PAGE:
United States District Court, D. Arizona
Douglas L. Rayes, United States District Judge
the Court is Defendant Jeff Scheaffer's motion to
dismiss, which is fully briefed. (Docs. 14, 17, 18, 27, 28.)
For the following reasons, the Court grants Mr.
January 30, 2016, Plaintiff filed a charge against PARC
Dispensary with the Equal Employment Opportunity Commission
(“EEOC”), alleging, inter alia,
retaliation. (Doc. 1 at 7-25.) On September 26, 2018, the
EEOC issued Plaintiff a notice of right to sue. (Id.
at 27.) Plaintiff filed his complaint against “Jeff
Sheaffer (PARC Dispensary)” in this Court on December
26, 2018, asserting that he was terminated in retaliation for
reporting sexual harassment and discrimination in the
workplace in violation of Title VII. (Id. at 1-13.)
On June 3, 2019, Mr. Sheaffer filed a motion to dismiss
arguing, inter alia, that he is an improper party
against whom administrative remedies have not been exhausted.
(Doc. 14.) On October 22, 2019, the Court ordered
simultaneous supplemental briefing to address whether
allowing Plaintiff to file an amended complaint substituting
PARC Dispensary for Jeff Scheaffer as Defendant would comply
with Federal Rule of Civil Procedure 15(c)(1)(C). The matter
is now ripe.
a district court may review a Title VII claim against a
defendant, a plaintiff must exhaust his or her administrative
remedies by filing a charge against that defendant with the
EEOC or an equivalent agency and receiving a right to sue
letter. Barron v. Ashcroft, 358 F.3d 674, 677 (9th
Cir. 2004); Jasch v. Potter, 302 F.3d 1092, 1094
(9th Cir. 2002). Failure to exhaust remedies against a party
normally will result in dismissal without prejudice. In
re Turner, 101 F.3d 1323 (9th Cir. 1996). A plaintiff
may amend his or her complaint to change the party to the
proper party against whom administrative remedies have been
exhausted such that the amendment relates back to the date of
the original pleading under Rule 15(c)(1)(C). Fed.R.Civ.P.
15(c)(1)(C). Pursuant to Rule 15(c)(1)(C), such amendment is
proper if, within the period provided by Rule 4(m) for
service of summons, the party to be brought in (i) received
such notice of the action that it will not be prejudiced in
defending on the merits; and (ii) knew or should have known
that the action would have been brought against it, but for a
mistake concerning the proper party's identity.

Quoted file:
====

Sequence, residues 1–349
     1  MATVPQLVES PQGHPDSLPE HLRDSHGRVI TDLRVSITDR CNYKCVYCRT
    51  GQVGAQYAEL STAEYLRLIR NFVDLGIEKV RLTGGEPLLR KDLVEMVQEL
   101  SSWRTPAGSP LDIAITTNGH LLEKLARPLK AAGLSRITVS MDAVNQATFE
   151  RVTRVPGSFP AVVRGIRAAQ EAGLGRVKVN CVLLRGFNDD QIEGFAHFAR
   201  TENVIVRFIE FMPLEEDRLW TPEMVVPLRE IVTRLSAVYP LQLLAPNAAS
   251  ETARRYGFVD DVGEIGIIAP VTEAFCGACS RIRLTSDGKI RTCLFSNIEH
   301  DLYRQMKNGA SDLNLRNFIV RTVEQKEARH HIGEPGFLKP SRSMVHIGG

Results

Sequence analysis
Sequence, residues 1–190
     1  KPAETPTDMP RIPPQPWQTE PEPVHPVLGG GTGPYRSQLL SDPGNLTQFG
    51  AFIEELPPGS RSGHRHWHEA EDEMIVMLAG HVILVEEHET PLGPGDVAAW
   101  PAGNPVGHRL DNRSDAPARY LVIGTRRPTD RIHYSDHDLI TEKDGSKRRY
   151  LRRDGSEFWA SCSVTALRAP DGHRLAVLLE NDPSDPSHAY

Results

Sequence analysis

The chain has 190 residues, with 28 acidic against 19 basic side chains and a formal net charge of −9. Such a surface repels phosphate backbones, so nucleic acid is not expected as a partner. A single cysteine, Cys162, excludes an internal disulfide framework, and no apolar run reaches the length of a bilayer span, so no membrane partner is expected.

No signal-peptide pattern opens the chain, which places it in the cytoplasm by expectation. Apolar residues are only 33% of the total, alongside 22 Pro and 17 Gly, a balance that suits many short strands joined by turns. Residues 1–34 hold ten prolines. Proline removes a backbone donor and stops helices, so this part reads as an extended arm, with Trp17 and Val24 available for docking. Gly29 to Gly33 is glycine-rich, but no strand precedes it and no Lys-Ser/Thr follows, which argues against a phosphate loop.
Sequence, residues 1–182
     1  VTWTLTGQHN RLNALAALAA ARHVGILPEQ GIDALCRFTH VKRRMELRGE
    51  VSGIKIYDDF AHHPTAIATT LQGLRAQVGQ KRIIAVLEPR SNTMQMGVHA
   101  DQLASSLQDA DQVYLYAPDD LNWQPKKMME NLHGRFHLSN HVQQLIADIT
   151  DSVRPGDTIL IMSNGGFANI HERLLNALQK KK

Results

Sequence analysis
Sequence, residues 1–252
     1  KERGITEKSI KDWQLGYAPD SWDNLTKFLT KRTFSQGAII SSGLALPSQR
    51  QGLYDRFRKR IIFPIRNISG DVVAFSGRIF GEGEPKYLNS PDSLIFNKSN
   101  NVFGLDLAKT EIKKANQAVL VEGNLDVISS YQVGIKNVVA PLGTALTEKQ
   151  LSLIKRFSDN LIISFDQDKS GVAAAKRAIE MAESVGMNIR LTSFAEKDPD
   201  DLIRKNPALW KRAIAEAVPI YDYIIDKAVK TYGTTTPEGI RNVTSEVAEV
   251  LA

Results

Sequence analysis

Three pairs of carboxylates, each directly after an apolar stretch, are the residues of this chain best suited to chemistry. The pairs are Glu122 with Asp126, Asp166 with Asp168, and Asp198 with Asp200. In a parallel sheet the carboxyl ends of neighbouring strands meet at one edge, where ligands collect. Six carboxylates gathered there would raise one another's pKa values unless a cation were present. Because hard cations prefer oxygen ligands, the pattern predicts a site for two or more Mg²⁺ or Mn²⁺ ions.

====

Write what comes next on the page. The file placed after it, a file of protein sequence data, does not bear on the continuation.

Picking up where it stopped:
undisputed that Plaintiff's EEOC charge was against PARC
Dispensary and that his right to sue letter pertained to that
entity. However, Plaintiff named Mr. Scheaffer-against whom
Plaintiff has not exhausted administrative remedies-as the
defendant in the instant action. Consequently,
Plaintiff's complaint against Mr. Scheaffer must be
dismissed without prejudice because Plaintiff has not
exhausted administrative remedies as to this defendant.
the Court will grant Plaintiff leave to amend his complaint
to name PARC Dispensary as the proper party pursuant to Rule
15(c)(1)(C) because PARC Dispensary received sufficient
notice of the action that it will not be prejudiced by such
an amendment, and knew or should have known that the action
would have been brought against it but for a mistake
concerning the proper party's identity. Indeed, PARC
Dispensary was named as the only defendant in the EEOC charge
leading up to this action, counsel for PARC Dispensary is
also counsel for Mr. Sheaffer, the summons in this matter was
delivered to PARC Dispensary's address, and PARC
Dispensary is named in parenthesis next to Mr. Sheaffer as
Defendant in the caption of Plaintiff's complaint.
Moreover, PARC Dispensary was aware that Plaintiff was
proceeding pro se and should have known that Plaintiff's
naming of Defendant as “Jeff Scheaffer (PARC
Dispensary)” was likely a mistake due to lack of legal
knowledge. Plaintiff has since confirmed that he believed
that “Jeff Shaeffer (sic) was PARC Dispensary and they
were one and the same. . . This was a mistake on
[Plaintiff's] part.” (Doc. 28 at 3.) Accordingly,
IT IS ORDERED that Defendant's motion to
dismiss (Doc. 14) is GRANTED.
Plaintiff's complaint against Jeff Scheaffer is
DISMISSED WITHOUT PREJUDICE.
IS FURTHER ORDERED that Plaintiff may file an
amended complaintnaming PARC Dispensary as the defendant by
no later than December 6, 2019.
Should Plaintiff fail to file an amended complaint by this
deadline, the Clerk of Court is directed to terminate the
case without further order of the Court.
IS FURTHER ORDERED that all remaining motions are
denied as moot.
 Counsel for Mr. Sheaffer and PARC
Dispensaries contends that the requirements of Rule
15(c)(1)(C) have not been met, because Plaintiff's
service of summons was untimely under Rule 4(m). (Doc. 27 at
3.) However, a district court has broad discretion to extend
the time for service. In re Sheehan, 253 F.3d 507,
513 (9th Cir. 2001). Here, the Court exercised such
discretion and granted Plaintiff an extension of 45 days.
(Doc. 12.) The Court recognizes that its order granting the
extension was ambiguous regarding the new deadline for
service. An extension of 45 days from the original service
deadline would have created a new deadline of May 10, 2019.
An extension of 45 days from the date the order was issued
would result in a May 17, 2019 deadline. Service was executed
on May 12, 2019. (Doc. 13.) If the Court were to adopt the
first interpretation, service was executed two days late. In
contrast, if the Court adopts the second interpretation,
service was timely. The ...